This approach fosters user trust, as users only need to trust the DApp with the ERC-6551 NFTs issued directly by the DApp itself, rather than entrusting their entire wallet to the DApp. This gives users greater control and security over their assets, enhancing the overall user experience and instilling confidence in the DApp ecosystem.

Current Projects working on Identity

There are several ongoing projects that are leveraging these primitives or creating new innovative solutions to advance identity interoperability and enhance user privacy:

  • Capsule: Building infrastructure that leverages secure hardware enclaves on mobile phones in tandem with highly programmable MPC for transaction signing and permissioning, enabling developers to offer safe and intuitive crypto UX.

  • A privacy-preserving identity solution that uses zero-knowledge proofs to protect user data.

  • A simple library that allows dApps to onboard all their users to Web3, regardless of whether they have a wallet, across mobile and desktop.

  • Nocturne Labs: A highly composable protocol for private accounts on Ethereum. Using a mix of account abstraction and zero-knowledge proofs, they've built a private account layer that enables users to send, receive, and transact with their funds without exposing their address.

  • A decentralized social network that is using DIDs to allow users to control their own identities.

There are also current wallet providers that are taking one step towards providing users with a curated and seamless experience. Phantom Wallet introduced a curated wallet interface that allows users to see all their assets across Solana, Ethereum, and Polygon in one interface. This makes it super easy for users to manage assets across 3 addresses. The UI suggests that through there are 3 different addresses (one for each chain) they all have inherently the same identity.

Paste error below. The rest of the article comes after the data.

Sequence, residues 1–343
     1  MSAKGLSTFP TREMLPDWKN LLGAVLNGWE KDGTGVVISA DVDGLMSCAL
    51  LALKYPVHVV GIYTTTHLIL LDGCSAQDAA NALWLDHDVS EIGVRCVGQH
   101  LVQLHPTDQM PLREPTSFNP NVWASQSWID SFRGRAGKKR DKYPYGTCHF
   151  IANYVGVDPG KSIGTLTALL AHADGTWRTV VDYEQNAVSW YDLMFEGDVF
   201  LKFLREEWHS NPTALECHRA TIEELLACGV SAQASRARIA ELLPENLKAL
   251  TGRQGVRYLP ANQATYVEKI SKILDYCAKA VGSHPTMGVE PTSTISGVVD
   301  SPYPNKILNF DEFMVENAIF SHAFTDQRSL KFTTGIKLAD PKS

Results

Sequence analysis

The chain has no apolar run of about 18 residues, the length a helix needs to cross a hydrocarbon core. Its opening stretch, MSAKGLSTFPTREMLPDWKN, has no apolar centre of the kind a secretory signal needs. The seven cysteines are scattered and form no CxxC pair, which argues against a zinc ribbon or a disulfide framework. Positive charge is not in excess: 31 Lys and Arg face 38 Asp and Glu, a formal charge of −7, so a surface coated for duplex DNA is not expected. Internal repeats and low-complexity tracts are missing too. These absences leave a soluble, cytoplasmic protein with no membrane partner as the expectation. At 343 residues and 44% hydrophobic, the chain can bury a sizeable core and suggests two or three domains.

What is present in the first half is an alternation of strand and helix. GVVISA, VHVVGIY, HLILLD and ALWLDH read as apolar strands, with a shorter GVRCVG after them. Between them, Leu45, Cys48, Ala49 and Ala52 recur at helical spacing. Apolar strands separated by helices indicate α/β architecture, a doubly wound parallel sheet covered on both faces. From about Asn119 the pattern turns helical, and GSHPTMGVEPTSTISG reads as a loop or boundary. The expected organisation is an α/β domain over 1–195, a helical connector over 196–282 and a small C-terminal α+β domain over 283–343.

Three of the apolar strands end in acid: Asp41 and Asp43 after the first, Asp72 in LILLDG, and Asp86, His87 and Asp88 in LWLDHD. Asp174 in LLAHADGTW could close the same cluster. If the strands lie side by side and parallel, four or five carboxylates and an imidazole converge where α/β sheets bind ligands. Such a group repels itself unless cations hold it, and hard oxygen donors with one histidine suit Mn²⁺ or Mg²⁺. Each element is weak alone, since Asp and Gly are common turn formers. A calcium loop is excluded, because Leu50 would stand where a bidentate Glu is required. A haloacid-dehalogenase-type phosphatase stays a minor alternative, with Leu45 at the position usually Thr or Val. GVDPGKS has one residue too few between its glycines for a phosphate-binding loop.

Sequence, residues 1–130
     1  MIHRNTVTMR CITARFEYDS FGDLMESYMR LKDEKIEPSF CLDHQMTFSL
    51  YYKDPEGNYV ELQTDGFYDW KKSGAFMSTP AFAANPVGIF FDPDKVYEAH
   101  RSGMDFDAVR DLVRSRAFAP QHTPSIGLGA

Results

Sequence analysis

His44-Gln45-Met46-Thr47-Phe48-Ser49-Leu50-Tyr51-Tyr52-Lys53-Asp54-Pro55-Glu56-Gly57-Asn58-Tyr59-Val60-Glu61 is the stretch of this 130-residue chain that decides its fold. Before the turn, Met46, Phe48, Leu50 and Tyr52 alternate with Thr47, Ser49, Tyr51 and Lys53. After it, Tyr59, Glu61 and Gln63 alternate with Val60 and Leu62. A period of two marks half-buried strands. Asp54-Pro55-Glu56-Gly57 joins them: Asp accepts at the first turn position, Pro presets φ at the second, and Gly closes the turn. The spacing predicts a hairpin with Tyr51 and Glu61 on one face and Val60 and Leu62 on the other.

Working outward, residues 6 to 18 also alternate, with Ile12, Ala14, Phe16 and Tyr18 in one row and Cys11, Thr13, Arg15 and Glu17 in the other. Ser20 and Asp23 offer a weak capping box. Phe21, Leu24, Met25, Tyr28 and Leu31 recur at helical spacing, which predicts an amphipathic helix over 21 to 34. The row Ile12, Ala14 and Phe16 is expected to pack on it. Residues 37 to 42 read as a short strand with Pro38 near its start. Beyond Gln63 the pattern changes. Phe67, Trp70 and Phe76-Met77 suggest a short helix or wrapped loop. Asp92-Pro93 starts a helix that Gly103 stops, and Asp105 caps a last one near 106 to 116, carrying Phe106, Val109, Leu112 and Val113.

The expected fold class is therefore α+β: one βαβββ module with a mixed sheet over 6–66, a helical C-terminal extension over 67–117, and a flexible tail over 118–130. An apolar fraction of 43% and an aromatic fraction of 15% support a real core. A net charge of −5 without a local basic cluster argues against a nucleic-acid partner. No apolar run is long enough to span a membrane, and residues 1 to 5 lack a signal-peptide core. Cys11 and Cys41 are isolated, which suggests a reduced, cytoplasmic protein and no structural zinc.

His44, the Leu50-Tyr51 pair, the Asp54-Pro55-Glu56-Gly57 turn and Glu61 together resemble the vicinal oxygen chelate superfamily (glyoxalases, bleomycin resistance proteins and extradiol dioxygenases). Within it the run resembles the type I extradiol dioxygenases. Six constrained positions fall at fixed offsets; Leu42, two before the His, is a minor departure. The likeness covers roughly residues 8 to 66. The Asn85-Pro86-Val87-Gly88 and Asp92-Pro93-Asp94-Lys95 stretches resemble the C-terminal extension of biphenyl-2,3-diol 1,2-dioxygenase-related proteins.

Screenshot from Phantom Wallet


In conclusion, the current state of identity in Web3 is plagued by fragmentation, multiplicity of identities, and privacy and security risks. The lack of identity interoperability and privacy frameworks hinders the seamless integration and full potential of Web3. To address these challenges, a unified standard called the Unified Wallet Protocol is proposed, which enables users to manage multiple wallets under a single ID, streamlining the user experience and enhancing privacy and security. However, adopting such a standard may face resistance from existing projects and require collaborative efforts from the Web3 community. Only by establishing a unified identity framework can Web3 achieve widespread adoption and deliver a truly user-centric decentralized ecosystem. It is important to note that initially focusing on identity interoperability within a single blockchain can serve as a starting point, and as multi-chain compatibility evolves, these identities can be extended across multiple chains. Additionally, exploring the potential of identity management through solutions like ERC-6551 and MPC for passkey management and privacy-preserving identity verification opens up further avenues for enhancement. By tackling these challenges and fully harnessing the potential of Web3, we can empower users, optimize asset management, and foster greater user confidence within the decentralized ecosystem.